VMware, a leading IT virtualization and cloud technology company, is a familiar name to midsized and large enterprises. But its small business virtualization presence has been somewhat limited, until now.
At this week’s VMworld 2012 show in San Francisco, the company announced a range of virtualization tools to make the technology far more accessible to smaller businesses that lack trained internal resources.
[Editor’s Note: If you want a quick “virtualization 101” tutorial, read this article before going any further.]
When it comes to the subject of virtualization, there is only so far down into the small business category that VMware penetrates. It isn’t so much about the number of employees. A company with 200 employees might not need virtualization, while another business with a staff of ten may benefit immensely. Here’s a good rule of thumb to determine whether virtualization makes sense: look at the number of servers present.
Unless a company already has about half a dozen servers on the floor, the return on investment might not be there. But for a business of that size or larger, the benefits can include fewer servers, a big drop in power costs, lower management costs and a far more flexible IT platform on which to run the business.
Virtualization can be a smart move, particularly for a small business that owns aging servers and needs to replace them. The value proposition is simple: it is often possible to take anywhere from six to ten physical servers and consolidate them onto one physical server. That one physical server has six to ten (sometimes a lot more) virtual machines (VMs) inside, with each one operating as an individual server.
“I’ve seen as many as 25 VMs running on one server,” said Ed Hsu, product manager for virtual storage at VMware.
Before we get into the product specifics, here’s a quick word of warning. VMware seems enamored with complex product names that almost invariably have a “v” at the beginning. vSphere, for example, is a VMware product that provides an operating system and platform on which all the virtualization or cloud computing can take place.
Virtualization Products for Small Business
VMware vSphere Essentials Plus is a package of virtualization services for small businesses. It includes VMware vSphere Storage Appliance (VSA) as a way of pooling all the storage that lies within existing servers and makes it easy to manage it as though it was one central repository. This can be a godsend for companies struggling with the notion of implementing more complicated network storage devices.
The VSA provides features that let you, for example, move virtual servers around from one place to another in minutes as a means of performing server maintenance, or for disaster recovery purposes. In addition, its high availability capabilities mean that if one server fails from within a group of three servers, no data will be lost. Instead, the VSA instantly moves the VMs from the failed server over to the other two physical servers until you repair or replace the faulty server. A specific “v” tool called vMotion performs this function.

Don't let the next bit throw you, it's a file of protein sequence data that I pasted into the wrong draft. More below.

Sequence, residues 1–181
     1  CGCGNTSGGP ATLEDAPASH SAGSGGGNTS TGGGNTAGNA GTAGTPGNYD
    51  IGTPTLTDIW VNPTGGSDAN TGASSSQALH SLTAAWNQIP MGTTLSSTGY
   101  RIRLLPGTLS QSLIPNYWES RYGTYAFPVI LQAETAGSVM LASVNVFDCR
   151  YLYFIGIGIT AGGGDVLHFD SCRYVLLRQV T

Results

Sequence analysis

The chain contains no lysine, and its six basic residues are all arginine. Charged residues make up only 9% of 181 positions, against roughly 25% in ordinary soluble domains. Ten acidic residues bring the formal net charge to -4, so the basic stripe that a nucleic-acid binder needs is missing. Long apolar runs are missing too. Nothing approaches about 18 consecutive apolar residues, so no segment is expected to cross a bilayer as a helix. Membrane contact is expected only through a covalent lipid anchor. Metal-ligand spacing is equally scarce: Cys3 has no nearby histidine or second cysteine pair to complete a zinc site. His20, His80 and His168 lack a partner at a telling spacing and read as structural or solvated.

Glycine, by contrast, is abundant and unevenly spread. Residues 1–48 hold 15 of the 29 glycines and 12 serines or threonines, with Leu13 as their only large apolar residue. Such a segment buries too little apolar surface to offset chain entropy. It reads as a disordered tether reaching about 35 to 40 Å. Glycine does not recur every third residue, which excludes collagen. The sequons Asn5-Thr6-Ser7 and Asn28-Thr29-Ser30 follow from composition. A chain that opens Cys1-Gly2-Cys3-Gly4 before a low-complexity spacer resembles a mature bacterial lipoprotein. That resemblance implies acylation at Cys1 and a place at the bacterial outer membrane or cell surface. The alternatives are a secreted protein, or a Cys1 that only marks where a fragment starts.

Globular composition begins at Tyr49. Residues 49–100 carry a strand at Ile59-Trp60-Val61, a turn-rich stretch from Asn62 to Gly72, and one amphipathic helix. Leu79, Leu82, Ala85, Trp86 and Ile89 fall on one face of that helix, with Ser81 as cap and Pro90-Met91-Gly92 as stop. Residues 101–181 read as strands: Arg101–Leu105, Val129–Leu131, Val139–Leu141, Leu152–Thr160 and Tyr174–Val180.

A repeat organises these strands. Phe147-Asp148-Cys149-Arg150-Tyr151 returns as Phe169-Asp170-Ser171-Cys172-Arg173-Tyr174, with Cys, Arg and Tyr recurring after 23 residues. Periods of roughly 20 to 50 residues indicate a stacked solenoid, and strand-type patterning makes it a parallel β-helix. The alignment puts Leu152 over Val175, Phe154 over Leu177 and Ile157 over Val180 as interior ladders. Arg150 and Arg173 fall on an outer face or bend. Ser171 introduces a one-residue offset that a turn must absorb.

“Servers break,” said Russ Stockdale, vice president and general manager of SMB Solutions, at VMware. “With the new storage appliance, VMs get popped over to other server if there is a failure.”
Virtual Data Backup and Recovery
VMware’s vSphere Essentials Plus includes another solid feature: VMware vSphere Data Protection, which provides virtual machine backup and recovery. It’s designed to be easy to run so that small businesses don’t fret too much over backup policies and backup administration.
It also comes with de-duplication, which removes the duplicate files that have already been backed up and thus reducing the amount of data you need to back up each night.
This can make a 10-to-one difference over how much data has to be transmitted over the network.
Like Data Protection, VMware vSphere Replication also comes with Essentials Plus. As a component of a disaster recovery plan, replication maintains a complete copy of an environment running at another location. If one site fails, the other one is ready to get up and running fast. Companies with VMs can replicate them across the network.
VMware throws a couple of other elements into its Essentials Plus package. vShield Endpoint provides security for VMs so you don’t need to load additional antivirus and anti-malware software. VMware Go Pro is a how-to kit for virtualization. It helps a small business deploy and then manage its virtual environments. Wizards walk you through the process step-by-step, and it comes with simple-to-use tools to monitor a virtual infrastructure using a Web-based interface. For a limited time, VMware is providing Go Pro for free to Essentials Plus buyers.
“There are a lot of elements to take care of it in any virtualization project and Go Pro makes everything easier,” said Stockdale.
VMware vSphere Essentials Plus sells for $4,495. This includes licensing for 6 processors on up to three hosts (physical servers). There is also a very slimmed-down version called vSphere Essentials that doesn’t have Go Pro, VSA or vMotion. It sells for $495 and also supports up to three hosts.
Our advice: if you are going to virtualize, go whole hog and buy Essentials Plus. All it takes is one server glitch, and you’ll wish you had.
You can buy these products direct from VMware, however the site is aimed at the educated user and throws an awful lot of terminology at you. VMWare’s Russ Stockdale suggests contacting a VMware partner via the partner locator.
Drew Robb is a Los Angeles-based freelancer specializing in technology and engineering. Originally from Scotland, he graduated with a degree in geology from Glasgow’s Strathclyde University. In recent years he has authored hundreds of articles as well as the book, Server Disk Management by CRC Press.
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